Tenn. Lawmaker proposes bill defining “biological distinctions between men and women.”

Jan 16, 2017

Rep. Ragan

NASHVILLE, Tenn. (WMOT)  --  A Tennessee lawmaker has filed a bill that has gay rights advocates fuming.

Republican Rep. John Ragan of Oak Ridge has offered  a measure in the House that would require that Tennessee law give the words "husband," "wife," "mother" and "father"what the bill calls “their natural and ordinary meaning.”

The bill goes on to say that the meaning of the four words should be based only on the “biological distinctions between men and women.”

The Tennessee Equality Project says the bill “at worst erases our community and at best makes life difficult as we attempt to live our true gender identities.”

EDITOR'S NOTE: WMOT asked Rep. Ragan to comment for this story. He declined to allow his comments to be recorded. Rep. Ragan did send WMOT a statement and asked that it be reproduced in full. That statement follow below:


Representative Ragan's Statement Concerning House Bill 0033​

I have received quite a few calls and emails concerning House Bill 33 or Senate Bill 30.  Some of these communications indicate a misunderstanding of, either, our state’s constitution, or the role of the General Assembly.  Therefore, let me begin my comments with a few sentences on some generalities before directly addressing the bill.

Under our state constitution, a bill must pass, word-for-word the same in each chamber of the General Assembly.  However, because each chamber has slightly different rules and filing procedures, each chamber requires a sponsor from its own membership and there are different numbers assigned.  Consequently, House Bill 33 and Senate Bill 30 are actually the same bill.

The General Assembly routinely passes bills related to court decisions on a variety and number of issues for ease of reference, clarity, and other reasons. Furthermore, it is often the role of the legislature to define certain words in the Tennessee code to provide guidance and reduce ambiguity for our court system.  This type of effort is especially important when the same words are used in a number of different places in the Tennessee Code.  In fact, this reason is why a specific portion of the code is devoted to definitions.

House Bill 33 does nothing more than simply putting definitions into code based on prior court decisions and long-standing precedent.  The bill does not change any existing law, officially published, public policy or any existent rights.  Consequently, while anyone can file a suit against anyone else over anything in our system, there is no obvious or substantive risk from any potential new litigation because of this bill.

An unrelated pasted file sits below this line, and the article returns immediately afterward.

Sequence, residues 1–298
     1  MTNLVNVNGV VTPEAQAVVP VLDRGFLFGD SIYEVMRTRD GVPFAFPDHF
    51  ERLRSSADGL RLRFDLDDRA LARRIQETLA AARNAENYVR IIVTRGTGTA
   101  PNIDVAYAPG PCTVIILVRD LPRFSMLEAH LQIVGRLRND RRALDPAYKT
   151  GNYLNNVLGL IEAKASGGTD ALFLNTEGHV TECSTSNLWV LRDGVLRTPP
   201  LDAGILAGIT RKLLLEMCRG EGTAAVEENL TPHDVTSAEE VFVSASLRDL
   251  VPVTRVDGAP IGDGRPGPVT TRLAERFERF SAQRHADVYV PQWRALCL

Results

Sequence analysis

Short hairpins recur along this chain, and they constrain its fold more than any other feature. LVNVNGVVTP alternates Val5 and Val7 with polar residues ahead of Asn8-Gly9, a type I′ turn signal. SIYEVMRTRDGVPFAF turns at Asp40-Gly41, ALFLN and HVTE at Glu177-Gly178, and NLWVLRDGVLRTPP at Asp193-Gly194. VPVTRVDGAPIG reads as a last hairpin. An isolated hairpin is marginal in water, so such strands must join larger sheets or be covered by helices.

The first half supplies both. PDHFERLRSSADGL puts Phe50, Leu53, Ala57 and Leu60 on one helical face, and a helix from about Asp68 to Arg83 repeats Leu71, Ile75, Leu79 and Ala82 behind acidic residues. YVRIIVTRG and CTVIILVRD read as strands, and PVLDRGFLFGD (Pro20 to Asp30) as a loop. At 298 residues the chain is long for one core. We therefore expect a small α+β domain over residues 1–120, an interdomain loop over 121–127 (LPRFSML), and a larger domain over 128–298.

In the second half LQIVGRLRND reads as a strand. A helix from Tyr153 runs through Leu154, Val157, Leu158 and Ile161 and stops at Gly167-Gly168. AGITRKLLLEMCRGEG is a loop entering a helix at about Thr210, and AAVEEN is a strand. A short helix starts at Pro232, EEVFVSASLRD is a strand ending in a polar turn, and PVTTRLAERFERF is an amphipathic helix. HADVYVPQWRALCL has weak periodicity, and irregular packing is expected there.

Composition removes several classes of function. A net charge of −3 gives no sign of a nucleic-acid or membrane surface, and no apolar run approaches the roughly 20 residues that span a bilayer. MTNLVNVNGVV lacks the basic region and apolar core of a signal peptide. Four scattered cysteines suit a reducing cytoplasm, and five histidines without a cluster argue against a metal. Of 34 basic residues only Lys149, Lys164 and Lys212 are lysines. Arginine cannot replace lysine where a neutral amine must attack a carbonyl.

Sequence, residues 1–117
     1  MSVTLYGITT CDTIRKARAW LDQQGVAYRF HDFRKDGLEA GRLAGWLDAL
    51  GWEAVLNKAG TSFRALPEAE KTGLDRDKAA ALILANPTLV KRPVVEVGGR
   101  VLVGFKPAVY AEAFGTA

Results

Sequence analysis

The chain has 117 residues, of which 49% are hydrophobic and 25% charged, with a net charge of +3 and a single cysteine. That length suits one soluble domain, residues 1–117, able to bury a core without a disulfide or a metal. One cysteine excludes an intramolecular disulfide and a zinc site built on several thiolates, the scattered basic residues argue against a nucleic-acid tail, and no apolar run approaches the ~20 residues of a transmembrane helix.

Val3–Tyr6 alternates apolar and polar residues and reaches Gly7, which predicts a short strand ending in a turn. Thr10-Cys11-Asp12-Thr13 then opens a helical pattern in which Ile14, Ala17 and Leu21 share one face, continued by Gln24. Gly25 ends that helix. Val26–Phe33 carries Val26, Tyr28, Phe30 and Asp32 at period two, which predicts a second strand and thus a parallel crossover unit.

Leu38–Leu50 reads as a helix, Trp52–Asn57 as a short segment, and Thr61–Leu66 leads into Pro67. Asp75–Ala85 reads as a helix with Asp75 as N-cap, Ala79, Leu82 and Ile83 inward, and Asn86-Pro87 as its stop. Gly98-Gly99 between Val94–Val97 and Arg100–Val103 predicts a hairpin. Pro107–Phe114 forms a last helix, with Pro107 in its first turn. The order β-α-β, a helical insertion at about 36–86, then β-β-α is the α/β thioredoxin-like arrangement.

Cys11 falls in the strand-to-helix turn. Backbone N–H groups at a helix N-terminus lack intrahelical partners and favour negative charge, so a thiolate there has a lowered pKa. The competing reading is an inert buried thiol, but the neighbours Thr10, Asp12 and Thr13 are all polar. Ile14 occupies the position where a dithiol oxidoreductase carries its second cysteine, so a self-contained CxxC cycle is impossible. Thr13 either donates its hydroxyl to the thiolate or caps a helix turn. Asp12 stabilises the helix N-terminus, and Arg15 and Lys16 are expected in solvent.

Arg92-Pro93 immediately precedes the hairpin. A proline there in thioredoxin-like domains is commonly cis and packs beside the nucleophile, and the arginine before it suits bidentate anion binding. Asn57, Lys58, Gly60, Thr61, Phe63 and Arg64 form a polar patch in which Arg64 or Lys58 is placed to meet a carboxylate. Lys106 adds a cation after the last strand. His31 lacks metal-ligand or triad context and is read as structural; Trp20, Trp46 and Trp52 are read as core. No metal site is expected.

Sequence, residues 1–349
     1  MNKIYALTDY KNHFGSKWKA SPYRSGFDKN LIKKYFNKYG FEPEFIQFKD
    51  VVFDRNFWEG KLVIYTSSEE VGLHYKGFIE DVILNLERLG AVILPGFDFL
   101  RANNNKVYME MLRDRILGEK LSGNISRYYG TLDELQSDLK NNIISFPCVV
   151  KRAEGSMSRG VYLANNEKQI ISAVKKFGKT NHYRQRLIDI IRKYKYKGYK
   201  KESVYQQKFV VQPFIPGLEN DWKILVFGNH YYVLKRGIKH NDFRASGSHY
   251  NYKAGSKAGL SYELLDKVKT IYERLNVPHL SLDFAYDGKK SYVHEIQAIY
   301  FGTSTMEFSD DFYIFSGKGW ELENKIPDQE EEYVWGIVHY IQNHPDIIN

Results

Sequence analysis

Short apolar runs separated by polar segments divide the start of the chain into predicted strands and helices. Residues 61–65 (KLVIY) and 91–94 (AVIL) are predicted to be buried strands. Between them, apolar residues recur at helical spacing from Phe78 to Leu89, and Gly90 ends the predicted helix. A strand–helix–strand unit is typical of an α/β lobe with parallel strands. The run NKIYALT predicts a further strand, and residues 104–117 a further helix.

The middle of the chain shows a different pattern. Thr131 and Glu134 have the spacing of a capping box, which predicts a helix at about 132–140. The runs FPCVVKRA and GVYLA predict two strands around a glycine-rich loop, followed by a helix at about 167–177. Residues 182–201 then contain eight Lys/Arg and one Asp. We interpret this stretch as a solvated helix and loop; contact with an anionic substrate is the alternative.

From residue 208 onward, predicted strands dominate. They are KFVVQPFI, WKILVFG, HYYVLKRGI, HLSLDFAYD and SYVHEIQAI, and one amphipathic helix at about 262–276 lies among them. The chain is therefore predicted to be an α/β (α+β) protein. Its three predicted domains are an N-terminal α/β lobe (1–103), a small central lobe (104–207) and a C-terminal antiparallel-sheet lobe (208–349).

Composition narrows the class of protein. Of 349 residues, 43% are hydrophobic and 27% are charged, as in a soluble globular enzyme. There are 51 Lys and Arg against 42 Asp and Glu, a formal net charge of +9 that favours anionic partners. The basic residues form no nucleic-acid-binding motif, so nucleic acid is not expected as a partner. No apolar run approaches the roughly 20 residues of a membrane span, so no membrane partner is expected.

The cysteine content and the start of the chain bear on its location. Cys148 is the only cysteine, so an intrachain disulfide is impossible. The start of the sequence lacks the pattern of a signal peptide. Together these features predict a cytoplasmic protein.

For your listener’s information, the original precedent that is being used as the basis for House Bill 33 comes from an Eastman Chemical Company case in 2000.  However, the Tennessee Supreme Court has already cited that precedent in a 2014 family law case as applying generally when construing statutes.

Simply for the purpose of clarity, the following is a direct quote from the court case that is the basis of House Bill 33:  "Legislative intent is to be ascertained whenever possible from the natural and ordinary meaning of the language used, without forced or subtle construction that would limit or extend the meaning of the language." Eastman Chemical Company v. Johnson, 151 S.W.3d 503 (Tenn. 2004) quoting Lipscomb, 32 S.W.3d 840, 844 (Tenn. 2000).

Perhaps I am missing something.  However, it is difficult to see that requiring use of “natural and ordinary meaning of the language” to discern legislative intent in the Tennessee Code supports some nefarious plot.  Likewise, it is puzzling how “clarifying and cross-referencing court decisions and wording used throughout the Tennessee Code” should give anyone the impression that, to use some words from emails to my office, “there is intent to limit someone’s rights.”

In summary, it appears that some people are objecting to something other than what is actually in the House Bill 33.  As a result, I would invite those people to limit themselves to the exact wording of the bill, the Tennessee Code and the referenced court decisions when arriving at their conclusions.